A suspect in Friday’s shooting at the Pleasantville, N.J., high school football field during a game called the alleged gunman minutes before the attack and told him that the intended target was “in the bleachers,” according to court records.
Shahid Dixon stated that he was on FaceTime with Alvin Wyatt, and advised him that Ibn Abdullah was at the game, providing his location in the stands, Dixon’s affidavit of probable cause states.
Two juveniles, a 10-year-old boy named Micah and an unidentified 15-year-old male, were sitting near Abdullah, Dixon’s affidavit says, and sustained gunshot wounds.
Micah, a fifth grader at Atlantic City’s Uptown School Complex, was critically injured by a bullet that struck him in the neck, and remains unconscious and in grave condition at Cooper University Hospital in Camden. In a Facebook message, his mother, Angela Tennant, posted: “The prayers of the righteous availeth much. Happy Terrific Tuesday.”
The affidavits filed for the six defendants paint a chilling picture of a shooting orchestrated by Atlantic City-area men who were not dissuaded from violence by the place they found their target: a state high school playoff game.
The Pleasantville-Camden game was in the third quarter, with Camden leading by 6-0, when shots rang out about 8:30 p.m., sending players, coaches, and fans fleeing the stadium, which held the largest crowd at a Pleasantville football game in at least 20 years. Six men have been arrested in the shootings, including Abdullah. All face detention hearings Thursday in Superior Court in Mays Landing.
Investigators are looking at a prior Atlantic City homicide as a possible motive and the defendants’ possible connections to drug trafficking, but Pleasantville Police Chief Sean Riggin said motive was beside the point.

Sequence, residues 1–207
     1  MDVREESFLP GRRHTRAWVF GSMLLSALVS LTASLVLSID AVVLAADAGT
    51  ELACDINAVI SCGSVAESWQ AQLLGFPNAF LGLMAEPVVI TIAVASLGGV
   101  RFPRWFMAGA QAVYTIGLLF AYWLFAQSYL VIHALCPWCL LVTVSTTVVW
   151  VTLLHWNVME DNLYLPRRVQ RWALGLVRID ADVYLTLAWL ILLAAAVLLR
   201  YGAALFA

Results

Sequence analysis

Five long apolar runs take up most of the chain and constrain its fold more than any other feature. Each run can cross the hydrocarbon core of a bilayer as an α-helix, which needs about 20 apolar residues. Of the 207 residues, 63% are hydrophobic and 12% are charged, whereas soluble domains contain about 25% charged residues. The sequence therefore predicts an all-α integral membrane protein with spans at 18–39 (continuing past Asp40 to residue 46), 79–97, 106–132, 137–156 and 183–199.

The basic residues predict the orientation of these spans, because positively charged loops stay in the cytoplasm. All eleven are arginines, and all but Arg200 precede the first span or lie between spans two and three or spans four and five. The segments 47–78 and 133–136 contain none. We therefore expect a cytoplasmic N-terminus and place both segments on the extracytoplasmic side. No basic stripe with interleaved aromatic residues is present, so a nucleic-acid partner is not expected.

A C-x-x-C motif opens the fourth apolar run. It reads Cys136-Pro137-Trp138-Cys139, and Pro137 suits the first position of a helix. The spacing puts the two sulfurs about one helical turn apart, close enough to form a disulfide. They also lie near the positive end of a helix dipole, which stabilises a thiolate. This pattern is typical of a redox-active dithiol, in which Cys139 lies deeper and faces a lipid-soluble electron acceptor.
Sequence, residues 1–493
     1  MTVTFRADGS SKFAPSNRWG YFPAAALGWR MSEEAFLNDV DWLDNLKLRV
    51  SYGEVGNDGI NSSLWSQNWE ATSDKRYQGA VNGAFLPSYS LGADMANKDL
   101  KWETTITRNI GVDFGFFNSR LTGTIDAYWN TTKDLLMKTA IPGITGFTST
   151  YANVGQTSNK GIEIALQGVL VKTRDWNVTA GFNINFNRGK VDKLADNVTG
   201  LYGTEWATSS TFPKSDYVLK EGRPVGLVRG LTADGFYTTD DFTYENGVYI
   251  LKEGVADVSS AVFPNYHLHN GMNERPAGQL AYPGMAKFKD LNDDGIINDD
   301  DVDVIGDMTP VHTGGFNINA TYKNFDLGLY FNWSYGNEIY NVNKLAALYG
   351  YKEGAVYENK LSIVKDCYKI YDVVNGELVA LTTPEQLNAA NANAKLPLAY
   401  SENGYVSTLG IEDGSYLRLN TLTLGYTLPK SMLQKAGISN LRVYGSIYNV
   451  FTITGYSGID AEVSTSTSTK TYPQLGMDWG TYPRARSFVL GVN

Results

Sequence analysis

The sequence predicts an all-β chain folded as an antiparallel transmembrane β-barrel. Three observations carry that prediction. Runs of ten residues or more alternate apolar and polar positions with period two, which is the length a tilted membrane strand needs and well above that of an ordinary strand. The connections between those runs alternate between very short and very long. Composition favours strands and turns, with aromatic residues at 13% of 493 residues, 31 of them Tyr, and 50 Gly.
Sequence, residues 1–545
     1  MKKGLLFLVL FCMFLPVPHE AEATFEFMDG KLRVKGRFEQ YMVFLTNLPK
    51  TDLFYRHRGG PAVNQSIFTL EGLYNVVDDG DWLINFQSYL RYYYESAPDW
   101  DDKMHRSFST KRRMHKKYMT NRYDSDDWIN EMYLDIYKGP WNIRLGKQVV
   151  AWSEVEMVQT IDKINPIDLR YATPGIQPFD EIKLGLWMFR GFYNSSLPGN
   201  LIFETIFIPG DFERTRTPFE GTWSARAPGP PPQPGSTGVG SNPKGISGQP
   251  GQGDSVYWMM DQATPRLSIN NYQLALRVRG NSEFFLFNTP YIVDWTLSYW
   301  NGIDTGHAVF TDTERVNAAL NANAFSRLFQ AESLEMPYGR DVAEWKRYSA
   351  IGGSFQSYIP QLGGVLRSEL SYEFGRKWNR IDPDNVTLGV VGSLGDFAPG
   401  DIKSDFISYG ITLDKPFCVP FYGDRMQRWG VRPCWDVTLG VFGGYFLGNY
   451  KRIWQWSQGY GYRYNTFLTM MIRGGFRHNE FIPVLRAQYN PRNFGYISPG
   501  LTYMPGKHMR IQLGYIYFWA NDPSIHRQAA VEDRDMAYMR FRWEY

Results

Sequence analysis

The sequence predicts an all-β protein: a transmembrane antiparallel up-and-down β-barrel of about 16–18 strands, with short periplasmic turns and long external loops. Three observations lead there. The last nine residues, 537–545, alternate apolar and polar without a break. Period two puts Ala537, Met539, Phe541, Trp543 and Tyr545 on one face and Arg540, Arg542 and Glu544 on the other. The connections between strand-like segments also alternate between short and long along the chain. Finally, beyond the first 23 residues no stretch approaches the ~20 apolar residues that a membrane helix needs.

“I’m not going to dignify this with a motive,” Riggin said. “There’s no motive to shoot a 10-year-old.”
Before he was taken to the hospital, Abdullah identified Wyatt, 31, as the man who shot him, Wyatt’s affidavit states. Wyatt was tackled in the end zone by officers “who observed him running away from the scene” via the handicapped ramp, Riggin said. He was charged with three counts of attempted murder, unlawful possession of a weapon, and possession of a weapon for an unlawful purpose.
His clothing — a hooded dark jacket and gray sweatpants — matched video taken of the shooting that showed a man holding a handgun in his left hand and shooting at Abdullah, the affidavits say. A semiautomatic handgun was recovered from under the bleachers’ handicapped ramp.
Dixon’s affidavit states that an off-duty law enforcement officer attending the game observed three men “calmly walking from the field, enter a blue BMW, and aggressively exit the parking lot.”
Absecon police eventually stopped a blue BMW with Pennsylvania plates near McKinley and Ohio Avenues in Atlantic City.
Inside the vehicle were Dixon, 27; Tyrell Dorn, 28, of Atlantic City; Michael C. Mack, 27, of Atlantic City; and Vance B. Golden Jr., 26, of Pleasantville, who were charged with weapons offenses. Dorn admitted to throwing the handgun out of the vehicle on a Route 30 bridge leading to Atlantic City, the affidavits state.
He denied that the gun was his and said it was in the vehicle when he left the football game. All four were charged with unlawful gun possession, as was Abdullah, who was found with a 9mm handgun in the waistband of his pants.
Abdullah remains in critical condition at AtlantiCare Regional Medical Center, Atlantic City campus, authorities said.
The remainder of the game will be played Wednesday at 4 p.m. at Lincoln Financial Field. It will resume at the 4:58 mark of the third quarter, when the game was suspended.
The Camden school board recognized four security officers credited with escorting Camden High players and fans to safety during a meeting Tuesday night. The crowd gave a standing ovation to Willie Womick, Rasheed Hammond, Lamar Wesley, and Steven Wesley. Terri Allen, the district’s security director, presented each with a certificate.
”What they did was nothing short of amazing,” said Superintendent Katrina McCombs.
McCombs said the district’s traumatic response plan, which provides coping and psychological assistance, will remain in effect for several weeks. Therapy dogs were brought in Monday and counseling sessions held, she said.
”We know there is a healing process,” the superintendent said.